Candy cap mushrooms (Lactarius sp) are rather plain-looking from above, but they have a few revealing features that make them pretty easy to identify. The main feature, which gives them their fun name, is that they smell like candy, literally. Candy caps have a sweet aromatic maple sugar scent that is really quite remarkable!
There are three main species of candy cap mushrooms. All of them are edible, delicious, and a lot of fun to cook with. Ever thought of making ice cream with mushrooms?
All About Candy Cap Mushrooms
Candy caps are members of the Lactarius family. Lactarius mushrooms all bleed a milky liquid when their gills are cut or damaged. The color of the milky latex substance varies among Lactarius mushrooms, but all the candy caps bleed a white liquid.
Due to their sweet scent, candy caps aren’t cooked like most edible mushrooms. They are predominantly used as a flavoring. Their flavor and scent intensify with drying, so the majority of users dry out the mushrooms, powder them, and use the powder to flavor the dish.
Dried candy caps are known to keep their scent for a VERY long time, like decades. Dried specimens in herbariums still hold their scent many years later, so hopefully, you like how this one smells.
If you want to get ahold of these sweet mushrooms without going out in the forest, they are sold online. They tend to be quite expensive due to their small size and the labor needed to get any quantity at all. However, thankfully, a little does go a long way.
Most people consider candy caps a California or West Coast mushroom because that’s where they are most popular and populous. But candy cap species do grow on the east coast, too, so don’t despair; just keep investigating all the little brown mushrooms and send up some prayers to the mushroom gods.
Candy Cap Mushroom Identification
Candy cap mushrooms, as mentioned previously, are part of the Lactarius family. This means they “bleed” a milky white substance when their gills are cut or bruised. With some members of the Lactarius family, the milky substance changes color, but that does not happen with candy caps. The milk stays white.
Reports of the scent liken it to maple syrup or curry, which are related scents (as odd as that sounds). Others call it a burnt sugar smell. The maple syrup scent is strong in some species, but in others, it’s just faint when the specimen is fresh. The smell becomes more potent when the cap is dried.
It was just in 2012 that the chemical that causes this unique scent was isolated. William Wood, a chemist at Humboldt State University, successfully determined the natural chemical to be quabalactone III.
Candy caps, in general, are small brownish mushrooms. They aren’t eye-catching, so you have to pay attention and seek them out. Or, check all the mushrooms you see (which we recommend doing anyways…).
All parts of the candy cap mushrooms are brittle – this is actually a key distinguishing feature. The cap and stem break easily, usually with a clear snap.
Candy caps are mycorrhizal, meaning they form symbiotic relationships with specific trees or plants.
Candy cap mushroom cap coloring varies from orange-brown to burnt orange to more orange-red. The caps start out with a bell-like shape, with edges rolled inwards. As it matures, the cap flattens out and eventually turns upwards and looks like a funnel with a depressed center. Caps range from .75-5 inches wide, depending on the species.
The stems of candy cap mushrooms are the same color as the cap or a little bit paler. They are even in length, without any bulging or bulbous base. They don’t have any decorations, but they are often very slightly velvety to the touch. This is more common in young specimens. Stems snap in two easily and crisply.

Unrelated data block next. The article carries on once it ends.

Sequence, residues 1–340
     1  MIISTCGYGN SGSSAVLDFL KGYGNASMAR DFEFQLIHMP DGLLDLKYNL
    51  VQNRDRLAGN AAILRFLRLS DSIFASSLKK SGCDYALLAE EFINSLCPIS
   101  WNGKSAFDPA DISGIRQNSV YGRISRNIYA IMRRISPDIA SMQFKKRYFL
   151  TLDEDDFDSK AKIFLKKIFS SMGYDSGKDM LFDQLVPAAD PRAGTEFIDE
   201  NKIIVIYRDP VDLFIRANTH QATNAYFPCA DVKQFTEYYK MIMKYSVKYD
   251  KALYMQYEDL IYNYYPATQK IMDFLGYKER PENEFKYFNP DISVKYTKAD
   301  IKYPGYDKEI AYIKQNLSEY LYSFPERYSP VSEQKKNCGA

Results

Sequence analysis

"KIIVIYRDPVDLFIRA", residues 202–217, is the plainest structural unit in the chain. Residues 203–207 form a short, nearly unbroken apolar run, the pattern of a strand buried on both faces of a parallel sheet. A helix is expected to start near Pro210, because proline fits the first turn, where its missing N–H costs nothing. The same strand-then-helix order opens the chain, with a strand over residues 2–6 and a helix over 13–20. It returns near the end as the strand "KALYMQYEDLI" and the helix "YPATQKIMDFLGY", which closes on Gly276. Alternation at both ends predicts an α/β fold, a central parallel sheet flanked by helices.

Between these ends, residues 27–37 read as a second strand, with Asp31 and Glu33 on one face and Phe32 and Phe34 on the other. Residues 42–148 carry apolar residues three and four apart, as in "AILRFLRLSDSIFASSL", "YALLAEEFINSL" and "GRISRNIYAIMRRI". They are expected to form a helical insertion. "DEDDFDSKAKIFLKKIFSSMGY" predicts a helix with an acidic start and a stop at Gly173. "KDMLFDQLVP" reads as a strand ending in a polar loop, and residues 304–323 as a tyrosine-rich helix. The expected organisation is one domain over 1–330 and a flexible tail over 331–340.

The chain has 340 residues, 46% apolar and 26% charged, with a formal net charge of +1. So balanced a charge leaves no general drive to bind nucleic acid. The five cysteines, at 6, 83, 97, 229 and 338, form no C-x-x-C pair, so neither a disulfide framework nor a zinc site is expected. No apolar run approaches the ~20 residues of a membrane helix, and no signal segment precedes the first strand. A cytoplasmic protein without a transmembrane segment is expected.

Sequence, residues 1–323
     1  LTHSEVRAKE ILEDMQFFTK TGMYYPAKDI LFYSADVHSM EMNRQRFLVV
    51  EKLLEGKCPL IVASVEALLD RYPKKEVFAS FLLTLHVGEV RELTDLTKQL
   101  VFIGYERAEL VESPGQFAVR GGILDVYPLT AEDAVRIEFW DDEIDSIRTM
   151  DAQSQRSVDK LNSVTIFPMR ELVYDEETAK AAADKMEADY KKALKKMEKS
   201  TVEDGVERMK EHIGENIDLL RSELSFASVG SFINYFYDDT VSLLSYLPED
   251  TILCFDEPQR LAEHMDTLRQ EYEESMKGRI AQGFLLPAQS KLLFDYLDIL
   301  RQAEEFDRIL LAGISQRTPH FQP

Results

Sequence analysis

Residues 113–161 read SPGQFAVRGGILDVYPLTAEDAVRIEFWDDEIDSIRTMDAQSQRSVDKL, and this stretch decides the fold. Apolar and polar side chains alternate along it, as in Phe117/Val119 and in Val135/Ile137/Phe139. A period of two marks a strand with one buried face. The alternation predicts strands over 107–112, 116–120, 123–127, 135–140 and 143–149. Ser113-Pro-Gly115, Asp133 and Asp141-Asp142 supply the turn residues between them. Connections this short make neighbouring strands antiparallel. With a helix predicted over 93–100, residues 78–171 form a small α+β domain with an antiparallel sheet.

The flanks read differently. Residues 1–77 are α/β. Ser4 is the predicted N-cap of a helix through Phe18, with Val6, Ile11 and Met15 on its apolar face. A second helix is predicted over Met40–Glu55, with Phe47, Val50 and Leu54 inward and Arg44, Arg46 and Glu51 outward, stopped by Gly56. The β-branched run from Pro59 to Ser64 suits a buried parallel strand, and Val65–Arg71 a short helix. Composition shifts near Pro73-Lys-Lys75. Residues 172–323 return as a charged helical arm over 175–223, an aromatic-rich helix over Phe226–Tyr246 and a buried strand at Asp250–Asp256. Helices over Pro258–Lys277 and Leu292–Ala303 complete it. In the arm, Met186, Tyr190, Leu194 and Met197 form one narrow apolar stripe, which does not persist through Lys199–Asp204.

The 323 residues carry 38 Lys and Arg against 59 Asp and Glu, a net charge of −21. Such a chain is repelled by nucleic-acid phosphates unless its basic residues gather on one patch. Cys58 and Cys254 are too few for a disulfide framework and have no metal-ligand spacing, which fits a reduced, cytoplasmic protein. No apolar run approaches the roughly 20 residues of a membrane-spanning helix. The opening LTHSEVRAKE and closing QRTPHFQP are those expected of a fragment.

Gills of candy cap mushrooms are light-colored, usually whitish but with quite a bit of variation between species. They are almost always lighter than the caps and stems. When the gills are cut or bruised, they bleed a milky white latex. The milk does not change color, and it does not stain the gills; it remains white.
The milky latex may taste sweet, but more often it is flavorless or only very slightly sweet. It will never be super bitter or acrid (maybe just slightly so); other milky cap species have bitter or spicy-tasting latex, so this is another good way to tell them apart.
The flesh of candy cap mushrooms is whitish, pale orange, or light cinnamon. It is brittle and hard, not squishy. The flesh does not change color or stain when it is sliced.
Pale yellow to whitish
Candy caps grow from the ground, never from trees. However, one species sometimes is found growing from decaying wood. In general, look for candy caps on the ground, growing around trees.
These mushrooms grow singularly but often occur in large scattered groupings. There is rarely just one in an area. They particularly like mossy, rich soil areas.
The Five Candy Caps of North America
This is a very small, dark brown mushroom with a reddish tinge. The cap is around the size of a quarter or a half dollar, and the stem is long and slender.
- Region: Eastern North America
- Season: Spring, summer, fall
- Habitat: Grows with conifers or hardwoods
- Size: Cap is .50-1.50 inches wide. Stem is .50-2.25 inches long
- Cap Color: Dark reddish-brown
- Gill Color: Light orange or light yellow
- Flesh Coloring: Pale cinnamon to cream
- Notes: Smells more like curry or burnt sugar than other species. The taste is mild or slightly bitter.
- Region: Eastern North America
- Season: Summer and fall
- Habitat: Conifers and hardwoods
- Cap Color: Reddish-brown, rusty or orange-red
- Gill Color: Pale reddish-brown
- Notes: Various reports, from no odor to a strong maple scent, even when fresh
Lactarius helvus (syn. Lactarius aquifluus)
There’s a bit of confusion and much need for clarification with the North American “L. helvus” species. The European species smells more like licorice or fenugreek than maple syrup, and its common name in Europe is the Fenugreek milkcap. There is a rather disturbing story about this mushroom poisoning a group of 419 people in Leipzig, Germany, in 1949.